1887
Volume 2005, Issue 2
  • ISSN: 0253-8253
  • E-ISSN: 2227-0426

Abstract

Malaria is one of the most widespread infections globally and is undoubtedly responsible for the majority of all cases of transfusion-transmitted disease in the world. Qatar is free from endemic malaria. However; cases are seen with the large expatriate work force imported from malarious areas. These constitute a significant percent of the blood donors’ pool (34%). Over a 27-month period, among 5845 volunteers tested for malaria, 21 were deferred (0.36%) showing positive result when screened by the Giemsastained thick smear technique, with 2 undiagnosed cases that led to transfusion-transmitted malaria. Since then and for the last 21 months, the Falciparum-Spot immunofluorescence (IF) test was implemented in an attempt to ensure accurate screening. Among 6367 donors tested, 274 (4.3%) were deferred. Careful questioning about donor travel history, expansion of deferral policy and the use of a more sensitive screening test have all resulted in increasing layers of safety where no transfusion-transmitted malaria was reported in the last 21 months. These measures were necessary to regain the trust of the public in the safety and stewardship of the blood supply.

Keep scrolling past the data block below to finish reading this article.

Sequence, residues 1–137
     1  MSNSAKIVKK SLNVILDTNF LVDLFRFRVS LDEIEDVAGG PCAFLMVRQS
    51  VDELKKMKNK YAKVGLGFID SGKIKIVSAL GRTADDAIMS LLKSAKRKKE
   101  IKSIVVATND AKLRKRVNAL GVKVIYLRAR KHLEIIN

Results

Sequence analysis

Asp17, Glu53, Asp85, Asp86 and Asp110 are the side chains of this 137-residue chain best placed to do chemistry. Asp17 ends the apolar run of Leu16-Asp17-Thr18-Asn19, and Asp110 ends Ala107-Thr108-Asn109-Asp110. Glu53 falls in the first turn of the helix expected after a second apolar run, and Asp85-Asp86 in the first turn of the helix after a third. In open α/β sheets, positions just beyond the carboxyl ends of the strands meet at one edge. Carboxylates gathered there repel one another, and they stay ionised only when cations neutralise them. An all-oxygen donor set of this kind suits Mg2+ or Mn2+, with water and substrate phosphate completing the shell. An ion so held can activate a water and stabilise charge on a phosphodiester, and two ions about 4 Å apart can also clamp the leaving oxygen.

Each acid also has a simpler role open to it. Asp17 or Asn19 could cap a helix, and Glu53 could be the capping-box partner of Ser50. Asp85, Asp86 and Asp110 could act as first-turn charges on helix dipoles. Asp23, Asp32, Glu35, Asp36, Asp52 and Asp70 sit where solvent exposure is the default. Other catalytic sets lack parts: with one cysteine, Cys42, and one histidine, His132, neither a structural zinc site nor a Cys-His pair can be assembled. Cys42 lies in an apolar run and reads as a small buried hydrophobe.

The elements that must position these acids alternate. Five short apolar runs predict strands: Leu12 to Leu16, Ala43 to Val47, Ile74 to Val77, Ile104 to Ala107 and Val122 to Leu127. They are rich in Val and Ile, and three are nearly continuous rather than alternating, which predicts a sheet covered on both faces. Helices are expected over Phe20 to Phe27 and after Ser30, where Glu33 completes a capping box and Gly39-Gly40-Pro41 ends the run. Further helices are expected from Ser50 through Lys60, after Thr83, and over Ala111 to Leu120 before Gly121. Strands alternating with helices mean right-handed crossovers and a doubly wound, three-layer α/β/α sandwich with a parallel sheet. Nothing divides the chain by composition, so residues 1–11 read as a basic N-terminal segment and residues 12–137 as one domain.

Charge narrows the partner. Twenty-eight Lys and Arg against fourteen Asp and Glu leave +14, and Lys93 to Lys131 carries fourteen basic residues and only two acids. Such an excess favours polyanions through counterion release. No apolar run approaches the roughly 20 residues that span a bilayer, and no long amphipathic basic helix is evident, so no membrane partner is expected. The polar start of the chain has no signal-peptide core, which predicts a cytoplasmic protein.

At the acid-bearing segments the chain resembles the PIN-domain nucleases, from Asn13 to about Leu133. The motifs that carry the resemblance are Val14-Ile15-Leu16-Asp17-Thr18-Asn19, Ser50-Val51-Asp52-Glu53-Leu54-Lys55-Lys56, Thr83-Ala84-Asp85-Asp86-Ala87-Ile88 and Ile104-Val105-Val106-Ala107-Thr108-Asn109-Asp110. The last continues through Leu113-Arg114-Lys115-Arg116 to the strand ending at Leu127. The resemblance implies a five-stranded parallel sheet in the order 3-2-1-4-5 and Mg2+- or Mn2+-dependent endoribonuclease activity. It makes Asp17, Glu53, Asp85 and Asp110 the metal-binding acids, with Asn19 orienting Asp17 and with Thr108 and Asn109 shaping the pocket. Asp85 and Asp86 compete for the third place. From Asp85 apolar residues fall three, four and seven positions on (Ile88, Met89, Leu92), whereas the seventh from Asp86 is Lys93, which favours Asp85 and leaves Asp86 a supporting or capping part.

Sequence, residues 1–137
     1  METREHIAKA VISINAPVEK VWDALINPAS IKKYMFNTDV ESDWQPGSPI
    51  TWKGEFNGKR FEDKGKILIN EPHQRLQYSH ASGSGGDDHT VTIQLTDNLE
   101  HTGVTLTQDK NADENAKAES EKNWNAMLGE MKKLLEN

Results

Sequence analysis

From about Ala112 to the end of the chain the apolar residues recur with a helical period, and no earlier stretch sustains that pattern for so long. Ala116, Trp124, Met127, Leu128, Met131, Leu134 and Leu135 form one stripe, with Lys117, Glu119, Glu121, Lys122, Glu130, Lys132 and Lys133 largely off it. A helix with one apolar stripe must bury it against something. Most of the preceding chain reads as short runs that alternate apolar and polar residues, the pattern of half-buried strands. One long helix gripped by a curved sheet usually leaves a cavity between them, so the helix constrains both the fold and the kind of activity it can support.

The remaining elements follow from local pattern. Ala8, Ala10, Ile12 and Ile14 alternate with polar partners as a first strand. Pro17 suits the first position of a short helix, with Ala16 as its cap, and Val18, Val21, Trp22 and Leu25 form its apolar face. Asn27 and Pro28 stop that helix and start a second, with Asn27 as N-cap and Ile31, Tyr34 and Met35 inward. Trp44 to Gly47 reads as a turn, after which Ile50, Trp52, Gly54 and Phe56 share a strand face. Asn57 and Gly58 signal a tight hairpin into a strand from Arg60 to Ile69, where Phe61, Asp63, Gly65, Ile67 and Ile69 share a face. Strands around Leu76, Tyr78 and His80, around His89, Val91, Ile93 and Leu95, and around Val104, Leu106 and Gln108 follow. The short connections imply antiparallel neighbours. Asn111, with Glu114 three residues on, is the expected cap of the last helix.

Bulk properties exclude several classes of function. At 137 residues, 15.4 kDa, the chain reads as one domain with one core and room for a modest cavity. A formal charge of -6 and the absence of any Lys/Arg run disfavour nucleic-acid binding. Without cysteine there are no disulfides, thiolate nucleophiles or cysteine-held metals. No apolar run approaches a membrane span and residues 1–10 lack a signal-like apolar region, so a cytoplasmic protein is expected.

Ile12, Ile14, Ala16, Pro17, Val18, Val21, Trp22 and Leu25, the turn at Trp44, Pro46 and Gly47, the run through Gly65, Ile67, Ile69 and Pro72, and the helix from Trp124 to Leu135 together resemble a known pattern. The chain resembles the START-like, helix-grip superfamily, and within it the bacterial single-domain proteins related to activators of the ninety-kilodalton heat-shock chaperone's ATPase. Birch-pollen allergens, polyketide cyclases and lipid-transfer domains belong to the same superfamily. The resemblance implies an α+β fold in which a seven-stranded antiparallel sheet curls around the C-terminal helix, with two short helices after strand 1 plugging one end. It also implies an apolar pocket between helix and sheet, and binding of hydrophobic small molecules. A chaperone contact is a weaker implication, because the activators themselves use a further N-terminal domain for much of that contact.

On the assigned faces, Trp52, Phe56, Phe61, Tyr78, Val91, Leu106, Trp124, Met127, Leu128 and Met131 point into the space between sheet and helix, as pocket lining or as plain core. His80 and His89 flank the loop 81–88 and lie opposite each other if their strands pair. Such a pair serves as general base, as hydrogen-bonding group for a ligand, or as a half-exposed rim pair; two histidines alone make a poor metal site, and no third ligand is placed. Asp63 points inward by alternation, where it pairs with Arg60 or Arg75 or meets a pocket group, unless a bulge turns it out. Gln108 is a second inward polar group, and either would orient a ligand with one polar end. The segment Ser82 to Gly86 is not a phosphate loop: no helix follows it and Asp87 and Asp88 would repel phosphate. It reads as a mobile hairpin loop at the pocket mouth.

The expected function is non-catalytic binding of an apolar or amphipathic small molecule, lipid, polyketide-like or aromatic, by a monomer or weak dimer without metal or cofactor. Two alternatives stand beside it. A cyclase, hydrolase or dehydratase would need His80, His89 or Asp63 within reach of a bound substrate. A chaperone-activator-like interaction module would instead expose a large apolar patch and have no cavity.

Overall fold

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/content/journals/10.5339/qmj.2005.2.9
2005-11-01
2019-09-21
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  • Article Type: Research Article
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